Understanding and Using Theory Students realize the difference between authoritative reference works and those designed for a general audience without subject expertise.  Students develop a familiarity with a range of sociological analyses, disciplinary approaches, and subfield topics.  They recognize major concepts and key theorists in the field and can locate more information in reference works and secondary literature.   Students systematize their knowledge of sociology by strategic use of such disciplinary sources as literature reviews, book reviews, and studies of sociological and social science theory. Students bring a sociological approach to seminar papers and theses, presenting their argument within a larger context of the related scholarship.  They give a cogent account of the issues involved and explain why their new interpretation is significant.
Responsible Use of Sources Students understand that they must cite others’ work whether quoting directly or acknowledging an author’s ideas within their own statements.  Awareness about plagiarism and copyright is connected to an understanding of how citations function in scholarship. 

 Students take on more involved research projects and learn to use citation-management programs, so that they can save, organize, and put to use the research they have gathered.

Students do research that connect them to scholars and cast them in a practitioner’s role.  The attention which the campus gives to issues involving ethical practices in research and writing helps convey to students the importance involved.    Students have developed a critical awareness of the ways in which sociological scholarship is created, distributed, and used.  This knowledge informs the production of their own work in terms of handling sources, considering confidentiality, understanding fair use, and providing access to their finished projects.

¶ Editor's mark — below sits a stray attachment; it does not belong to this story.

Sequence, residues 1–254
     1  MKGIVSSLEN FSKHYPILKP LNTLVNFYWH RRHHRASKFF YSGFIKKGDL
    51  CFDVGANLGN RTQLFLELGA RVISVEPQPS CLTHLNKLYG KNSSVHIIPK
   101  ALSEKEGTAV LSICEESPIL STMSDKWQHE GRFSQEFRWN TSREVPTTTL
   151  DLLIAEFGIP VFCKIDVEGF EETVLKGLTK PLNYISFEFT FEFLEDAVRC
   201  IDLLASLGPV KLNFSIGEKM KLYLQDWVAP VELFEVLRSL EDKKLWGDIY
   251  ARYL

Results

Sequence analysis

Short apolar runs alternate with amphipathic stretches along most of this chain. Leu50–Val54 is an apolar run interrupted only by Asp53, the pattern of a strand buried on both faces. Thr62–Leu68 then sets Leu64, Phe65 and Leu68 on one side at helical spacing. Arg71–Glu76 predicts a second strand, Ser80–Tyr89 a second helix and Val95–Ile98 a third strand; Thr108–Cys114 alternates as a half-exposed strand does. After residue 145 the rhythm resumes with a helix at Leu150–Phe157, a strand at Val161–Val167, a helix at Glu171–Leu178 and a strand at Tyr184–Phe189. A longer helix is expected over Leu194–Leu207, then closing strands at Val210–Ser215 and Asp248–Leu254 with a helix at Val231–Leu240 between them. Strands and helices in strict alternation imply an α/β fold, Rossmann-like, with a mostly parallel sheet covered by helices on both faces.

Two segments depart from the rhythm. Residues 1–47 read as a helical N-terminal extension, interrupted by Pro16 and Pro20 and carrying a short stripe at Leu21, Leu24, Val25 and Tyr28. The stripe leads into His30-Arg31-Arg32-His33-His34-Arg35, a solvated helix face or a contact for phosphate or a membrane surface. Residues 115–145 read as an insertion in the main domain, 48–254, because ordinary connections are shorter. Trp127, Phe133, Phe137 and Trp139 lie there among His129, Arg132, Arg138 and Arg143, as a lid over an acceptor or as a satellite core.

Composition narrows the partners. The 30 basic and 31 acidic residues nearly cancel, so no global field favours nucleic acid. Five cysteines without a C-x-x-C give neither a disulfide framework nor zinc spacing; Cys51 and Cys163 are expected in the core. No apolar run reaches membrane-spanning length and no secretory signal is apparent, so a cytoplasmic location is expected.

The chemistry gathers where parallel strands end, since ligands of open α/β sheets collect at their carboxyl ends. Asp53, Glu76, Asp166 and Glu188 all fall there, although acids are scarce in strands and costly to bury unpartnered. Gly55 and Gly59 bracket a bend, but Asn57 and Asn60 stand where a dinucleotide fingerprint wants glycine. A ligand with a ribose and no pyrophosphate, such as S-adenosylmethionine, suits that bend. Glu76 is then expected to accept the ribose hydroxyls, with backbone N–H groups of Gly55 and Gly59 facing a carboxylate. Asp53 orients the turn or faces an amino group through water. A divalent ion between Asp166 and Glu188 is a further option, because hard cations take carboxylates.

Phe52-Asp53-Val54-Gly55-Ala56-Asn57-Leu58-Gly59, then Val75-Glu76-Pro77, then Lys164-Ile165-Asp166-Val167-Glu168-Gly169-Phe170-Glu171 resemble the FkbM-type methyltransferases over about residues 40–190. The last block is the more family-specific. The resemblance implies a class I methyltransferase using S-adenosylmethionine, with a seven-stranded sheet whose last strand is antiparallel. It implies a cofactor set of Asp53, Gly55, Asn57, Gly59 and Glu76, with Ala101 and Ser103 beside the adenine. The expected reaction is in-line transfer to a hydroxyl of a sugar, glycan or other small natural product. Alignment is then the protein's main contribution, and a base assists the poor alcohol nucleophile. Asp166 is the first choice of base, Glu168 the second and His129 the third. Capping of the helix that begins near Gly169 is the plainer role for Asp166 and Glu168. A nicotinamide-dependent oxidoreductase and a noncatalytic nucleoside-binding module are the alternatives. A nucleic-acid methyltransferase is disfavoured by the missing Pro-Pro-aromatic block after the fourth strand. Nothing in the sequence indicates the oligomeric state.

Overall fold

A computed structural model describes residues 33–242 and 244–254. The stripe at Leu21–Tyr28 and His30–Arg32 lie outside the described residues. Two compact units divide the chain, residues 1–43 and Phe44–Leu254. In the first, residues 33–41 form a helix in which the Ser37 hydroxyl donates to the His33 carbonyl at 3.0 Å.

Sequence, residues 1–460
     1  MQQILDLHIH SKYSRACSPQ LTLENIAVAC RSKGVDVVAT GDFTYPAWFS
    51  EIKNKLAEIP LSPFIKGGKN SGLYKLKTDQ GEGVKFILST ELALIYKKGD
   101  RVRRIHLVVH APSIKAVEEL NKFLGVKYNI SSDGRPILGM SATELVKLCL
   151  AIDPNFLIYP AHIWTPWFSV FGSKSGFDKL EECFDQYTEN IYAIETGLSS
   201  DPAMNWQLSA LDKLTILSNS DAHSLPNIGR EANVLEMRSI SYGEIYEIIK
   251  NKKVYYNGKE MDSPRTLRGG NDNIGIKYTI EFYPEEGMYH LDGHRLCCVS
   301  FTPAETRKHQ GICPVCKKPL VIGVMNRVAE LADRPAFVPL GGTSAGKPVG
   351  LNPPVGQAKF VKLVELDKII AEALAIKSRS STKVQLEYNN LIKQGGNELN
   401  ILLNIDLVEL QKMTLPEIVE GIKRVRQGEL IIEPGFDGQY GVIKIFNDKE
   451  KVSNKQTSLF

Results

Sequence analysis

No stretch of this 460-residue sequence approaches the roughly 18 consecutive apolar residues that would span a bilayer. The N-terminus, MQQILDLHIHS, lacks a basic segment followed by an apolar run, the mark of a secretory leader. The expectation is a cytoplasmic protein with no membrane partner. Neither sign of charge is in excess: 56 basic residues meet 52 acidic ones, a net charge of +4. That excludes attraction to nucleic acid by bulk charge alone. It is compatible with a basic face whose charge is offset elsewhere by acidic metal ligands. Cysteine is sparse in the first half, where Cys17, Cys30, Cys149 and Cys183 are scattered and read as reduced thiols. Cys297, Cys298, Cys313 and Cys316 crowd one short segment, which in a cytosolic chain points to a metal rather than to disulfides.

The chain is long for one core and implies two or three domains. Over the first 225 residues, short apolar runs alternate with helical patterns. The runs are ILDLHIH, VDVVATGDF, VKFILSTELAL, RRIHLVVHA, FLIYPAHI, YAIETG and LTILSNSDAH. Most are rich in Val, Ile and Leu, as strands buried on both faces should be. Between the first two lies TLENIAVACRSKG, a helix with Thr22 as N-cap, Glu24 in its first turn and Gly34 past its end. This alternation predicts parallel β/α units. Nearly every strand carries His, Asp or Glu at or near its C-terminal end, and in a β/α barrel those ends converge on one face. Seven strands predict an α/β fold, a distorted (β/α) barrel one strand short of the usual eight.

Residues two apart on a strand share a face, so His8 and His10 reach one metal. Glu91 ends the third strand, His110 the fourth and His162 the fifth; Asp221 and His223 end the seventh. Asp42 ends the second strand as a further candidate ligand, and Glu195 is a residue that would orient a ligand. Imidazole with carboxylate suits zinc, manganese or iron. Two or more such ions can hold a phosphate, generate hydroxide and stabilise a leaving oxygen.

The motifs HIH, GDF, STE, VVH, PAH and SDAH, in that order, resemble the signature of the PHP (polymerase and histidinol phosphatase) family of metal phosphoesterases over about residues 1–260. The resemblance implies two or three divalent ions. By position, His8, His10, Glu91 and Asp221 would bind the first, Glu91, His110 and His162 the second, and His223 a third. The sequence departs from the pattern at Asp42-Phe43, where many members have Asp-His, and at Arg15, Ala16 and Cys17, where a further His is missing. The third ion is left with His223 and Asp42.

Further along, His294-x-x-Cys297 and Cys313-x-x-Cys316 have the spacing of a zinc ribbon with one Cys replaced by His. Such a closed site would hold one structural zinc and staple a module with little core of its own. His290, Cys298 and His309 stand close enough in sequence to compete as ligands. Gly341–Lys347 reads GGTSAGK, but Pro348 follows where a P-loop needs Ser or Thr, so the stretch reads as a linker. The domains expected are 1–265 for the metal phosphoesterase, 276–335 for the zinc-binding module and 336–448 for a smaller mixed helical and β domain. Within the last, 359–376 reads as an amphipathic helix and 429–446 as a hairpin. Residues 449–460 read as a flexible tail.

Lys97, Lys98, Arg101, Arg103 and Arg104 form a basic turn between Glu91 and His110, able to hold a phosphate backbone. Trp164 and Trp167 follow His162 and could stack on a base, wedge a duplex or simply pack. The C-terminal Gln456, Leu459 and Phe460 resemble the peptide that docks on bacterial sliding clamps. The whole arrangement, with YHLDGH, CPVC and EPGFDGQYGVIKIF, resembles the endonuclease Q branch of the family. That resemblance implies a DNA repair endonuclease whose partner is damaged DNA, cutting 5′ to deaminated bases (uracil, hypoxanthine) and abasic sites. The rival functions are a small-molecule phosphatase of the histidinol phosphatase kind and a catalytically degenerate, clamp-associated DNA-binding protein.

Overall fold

Library Services Students know that they can get the assistance they need either by first contacting either their personal librarian or by going to the Research Help Desk.  They have experience using the Library’s catalog and website and can request materials both from the TriColleges and from outside the local system. Students know how to search Tripod in basic ways, and how to request materials from Bryn Mawr and Swarthmore via Tripod.  They have met the Sociology Librarian and have explored the sociology research guide.   They recognize the "FindIt" button as a gateway to materials.  They are also aware of the wider range of scholarship available through interlibrary loan.  Students are confident in their ability to search Tripod  and Sociological Abstracts robustly.  They refer to the sociology research guide as well as the different course pages developed by the Sociology Librarian, whom students consult regularly.    Students are frequent user of the different services provided by interlibrary loan.  Students work closely with the Sociology librarian as they develop their senior thesis. Students refine their research plan and consult the librarian through the research process. This includes defining subject areas, search strategies, connections between fields, and resource assessment. The successful completion of the senior thesis marks a thorough understanding of the materials chosen, and an independent addition to the scholarly debates surrounding those materials.